06
October
2021
|
20:00
Europe/London

Foundation Day celebrations return to Whitworth Hall

Renowned journalist, broadcaster and University of Manchester alumnus, David Aaronovitch, delivered the 2021 Foundation Day lecture as staff, students and dignitaries returned to the University’s grand Whitworth Hall to celebrate Foundation Day.

Celebrated every October, Foundation Day marks the coming together of the Victoria University of Manchester and the University of Manchester Institute of Science and Technology (UMIST) in 2004.

This year’s celebrations were particularly special as guests came together for the first time since 2019. Proceedings began with an address from the President and Vice-Chancellor covering the past twelve months and looking to the future, followed by the Foundation Lecture and concluding with honorary doctorates being conferred on five eminent individuals.

President and Vice-Chancellor, Professor Dame Nancy Rothwell, said: “The past year has tested us all in many ways. In true Manchester spirit, our community has responded with passion, professionalism and commitment, helping us to achieve a great deal.

“We look to the future with hope for greater normality in the year ahead, I am confident that we will stay true to our motto, 'knowledge, wisdom and humanity', and continue to learn, adapt and work together to fulfil our purpose.”

As well as delivering this year’s keynote lecture, David Aaronovitch received an honorary doctorate alongside fellow honorary graduates Dorothy Byrne, Professor Dame Sue Hill, Sir Alan Langlands and Professor Helen Pankhurst.

This Foundation Day was the final one of Lemn Sissay’s tenure as Chancellor. Professor Rothwell had a special message of thanks for Lemn and the work he has done throughout his chancellorship. Lemn will be remaining within the University community when he takes up an Honorary Chair in Creative Writing after his term as Chancellor ends.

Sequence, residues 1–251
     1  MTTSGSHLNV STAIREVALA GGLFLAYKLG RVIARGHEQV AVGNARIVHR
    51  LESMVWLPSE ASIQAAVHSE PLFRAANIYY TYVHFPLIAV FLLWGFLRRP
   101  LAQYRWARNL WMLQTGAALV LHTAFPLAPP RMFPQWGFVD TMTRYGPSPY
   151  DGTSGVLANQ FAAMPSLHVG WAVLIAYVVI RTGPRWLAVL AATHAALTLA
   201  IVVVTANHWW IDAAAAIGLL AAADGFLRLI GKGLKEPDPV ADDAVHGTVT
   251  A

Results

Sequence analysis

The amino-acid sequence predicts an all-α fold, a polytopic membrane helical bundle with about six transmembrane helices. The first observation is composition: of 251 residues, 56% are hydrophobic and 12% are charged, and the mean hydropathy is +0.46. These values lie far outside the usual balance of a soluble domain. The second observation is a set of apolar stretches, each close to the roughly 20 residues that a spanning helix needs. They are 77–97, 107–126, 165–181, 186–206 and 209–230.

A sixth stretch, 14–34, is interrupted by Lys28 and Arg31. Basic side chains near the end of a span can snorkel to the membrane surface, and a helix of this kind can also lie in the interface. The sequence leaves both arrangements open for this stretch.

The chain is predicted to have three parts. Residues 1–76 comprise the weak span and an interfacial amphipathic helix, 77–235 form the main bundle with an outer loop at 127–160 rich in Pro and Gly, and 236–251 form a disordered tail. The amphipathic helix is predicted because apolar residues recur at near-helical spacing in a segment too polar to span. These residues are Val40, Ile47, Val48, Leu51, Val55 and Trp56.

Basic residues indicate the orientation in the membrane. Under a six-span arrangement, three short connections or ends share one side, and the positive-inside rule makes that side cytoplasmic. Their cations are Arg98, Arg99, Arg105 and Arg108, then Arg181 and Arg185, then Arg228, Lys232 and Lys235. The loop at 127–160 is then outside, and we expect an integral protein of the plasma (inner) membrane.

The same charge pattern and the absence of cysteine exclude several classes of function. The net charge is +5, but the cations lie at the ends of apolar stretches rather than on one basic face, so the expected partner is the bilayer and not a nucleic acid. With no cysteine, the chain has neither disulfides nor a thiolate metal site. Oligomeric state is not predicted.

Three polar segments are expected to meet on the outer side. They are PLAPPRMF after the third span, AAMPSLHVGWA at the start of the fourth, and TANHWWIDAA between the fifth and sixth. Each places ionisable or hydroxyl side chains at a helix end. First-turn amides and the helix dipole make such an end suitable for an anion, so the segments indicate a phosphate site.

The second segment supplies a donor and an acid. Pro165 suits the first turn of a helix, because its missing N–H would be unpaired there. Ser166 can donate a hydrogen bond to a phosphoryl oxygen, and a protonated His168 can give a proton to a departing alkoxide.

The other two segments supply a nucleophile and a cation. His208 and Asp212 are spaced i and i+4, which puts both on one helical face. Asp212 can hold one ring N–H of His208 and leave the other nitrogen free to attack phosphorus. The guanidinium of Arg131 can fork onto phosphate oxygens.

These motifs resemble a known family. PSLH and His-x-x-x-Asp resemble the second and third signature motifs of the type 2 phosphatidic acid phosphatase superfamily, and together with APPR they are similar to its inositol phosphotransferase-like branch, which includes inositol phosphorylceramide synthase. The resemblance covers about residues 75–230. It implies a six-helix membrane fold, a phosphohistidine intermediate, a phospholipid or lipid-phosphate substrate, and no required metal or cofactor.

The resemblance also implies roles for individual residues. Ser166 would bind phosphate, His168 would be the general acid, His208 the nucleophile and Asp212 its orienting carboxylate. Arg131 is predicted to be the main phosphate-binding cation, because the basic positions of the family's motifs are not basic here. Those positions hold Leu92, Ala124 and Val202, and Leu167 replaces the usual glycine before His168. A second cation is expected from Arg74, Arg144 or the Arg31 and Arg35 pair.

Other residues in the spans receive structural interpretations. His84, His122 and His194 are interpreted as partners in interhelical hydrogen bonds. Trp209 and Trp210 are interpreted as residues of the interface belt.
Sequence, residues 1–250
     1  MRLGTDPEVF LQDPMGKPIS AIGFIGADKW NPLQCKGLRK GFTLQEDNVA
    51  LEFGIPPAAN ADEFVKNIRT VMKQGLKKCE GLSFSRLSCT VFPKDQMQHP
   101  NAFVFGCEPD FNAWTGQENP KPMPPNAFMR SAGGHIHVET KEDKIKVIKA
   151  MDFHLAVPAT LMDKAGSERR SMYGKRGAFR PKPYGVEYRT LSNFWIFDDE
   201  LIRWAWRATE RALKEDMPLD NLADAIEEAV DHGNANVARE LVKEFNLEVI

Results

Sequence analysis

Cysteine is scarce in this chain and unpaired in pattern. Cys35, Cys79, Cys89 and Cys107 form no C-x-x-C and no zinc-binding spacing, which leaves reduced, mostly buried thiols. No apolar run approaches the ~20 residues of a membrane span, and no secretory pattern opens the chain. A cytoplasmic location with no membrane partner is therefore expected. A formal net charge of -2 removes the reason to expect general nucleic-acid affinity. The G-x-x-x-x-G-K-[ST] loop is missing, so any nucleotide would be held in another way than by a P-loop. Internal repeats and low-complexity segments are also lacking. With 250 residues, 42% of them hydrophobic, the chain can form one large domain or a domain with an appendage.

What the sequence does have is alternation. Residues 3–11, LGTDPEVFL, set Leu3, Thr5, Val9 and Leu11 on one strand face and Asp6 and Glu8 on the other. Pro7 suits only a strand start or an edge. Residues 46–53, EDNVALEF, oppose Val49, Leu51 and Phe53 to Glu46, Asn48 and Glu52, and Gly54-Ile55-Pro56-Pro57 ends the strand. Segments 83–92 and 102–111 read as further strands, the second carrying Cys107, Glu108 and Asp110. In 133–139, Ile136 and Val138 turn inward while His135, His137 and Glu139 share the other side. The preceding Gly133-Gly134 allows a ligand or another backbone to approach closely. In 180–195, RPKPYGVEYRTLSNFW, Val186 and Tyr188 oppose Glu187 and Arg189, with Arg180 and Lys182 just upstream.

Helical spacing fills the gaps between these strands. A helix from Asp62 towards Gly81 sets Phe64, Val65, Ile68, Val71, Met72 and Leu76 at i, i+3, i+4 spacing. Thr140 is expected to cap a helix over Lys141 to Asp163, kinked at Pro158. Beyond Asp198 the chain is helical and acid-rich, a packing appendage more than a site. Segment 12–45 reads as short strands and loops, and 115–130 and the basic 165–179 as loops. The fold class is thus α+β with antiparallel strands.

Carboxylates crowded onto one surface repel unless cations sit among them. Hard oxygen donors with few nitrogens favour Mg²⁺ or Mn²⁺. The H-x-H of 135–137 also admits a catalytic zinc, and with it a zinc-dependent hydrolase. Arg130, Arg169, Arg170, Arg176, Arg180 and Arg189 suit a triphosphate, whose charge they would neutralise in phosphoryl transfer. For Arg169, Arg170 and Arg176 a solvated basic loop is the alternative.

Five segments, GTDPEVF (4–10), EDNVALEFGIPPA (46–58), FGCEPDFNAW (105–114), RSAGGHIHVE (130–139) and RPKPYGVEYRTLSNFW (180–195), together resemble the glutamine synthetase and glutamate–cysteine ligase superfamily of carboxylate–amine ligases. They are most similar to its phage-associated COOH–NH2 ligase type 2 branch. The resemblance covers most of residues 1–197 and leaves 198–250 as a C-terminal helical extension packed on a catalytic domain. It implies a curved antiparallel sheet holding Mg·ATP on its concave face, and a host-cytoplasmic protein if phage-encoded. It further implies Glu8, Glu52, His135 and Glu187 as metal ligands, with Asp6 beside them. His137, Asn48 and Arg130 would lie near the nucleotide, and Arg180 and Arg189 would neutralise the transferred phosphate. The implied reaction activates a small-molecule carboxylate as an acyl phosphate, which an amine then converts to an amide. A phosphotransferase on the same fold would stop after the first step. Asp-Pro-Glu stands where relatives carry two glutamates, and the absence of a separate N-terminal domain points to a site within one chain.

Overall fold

Professor Rothwell also thanked all University staff for the extraordinary work they have put in both on and off campus throughout the pandemic as well as thanking students, alumni and partners.

President and Vice-Chancellor, Professor Dame Nancy Rothwell
The past year has tested us all in many ways.  In true Manchester spirit, our community has responded with passion, professionalism and commitment, helping us to achieve a great deal.
President and Vice-Chancellor, Professor Dame Nancy Rothwell

This year honorary doctorates were awarded to the following:

David Aaronovitch (Doctor of Letters – LittD)

David Aaronovitch was born in North London and, after being educated in the capital, initially went to university at Oxford but left after two terms. He then joined Manchester in 1974 where he read History and graduated. He served as National Secretary and then President of the National Union of Students, before going into TV journalism with ITV's flagship programme, Weekend World. 

He moved to the BBC to start and edit the politics programme On the Record. After seven years he moved to the Independent and started writing for a living. He has also had stints on the Guardian and the Observer before moving to The Times in 2005. He also writes regularly for the Jewish Chronicle. Since the mid 90s he has been a frequent broadcaster on TV and radio and for the last five years has presented BBC Radio 4's The Briefing Room. He has written three books and tried to write a dozen. He is married to another journalist, Sarah Powell. They have three grown-up daughters and a Kerry Blue terrier and live an adventurous 80 yards from what was then the maternity hospital in which he was born.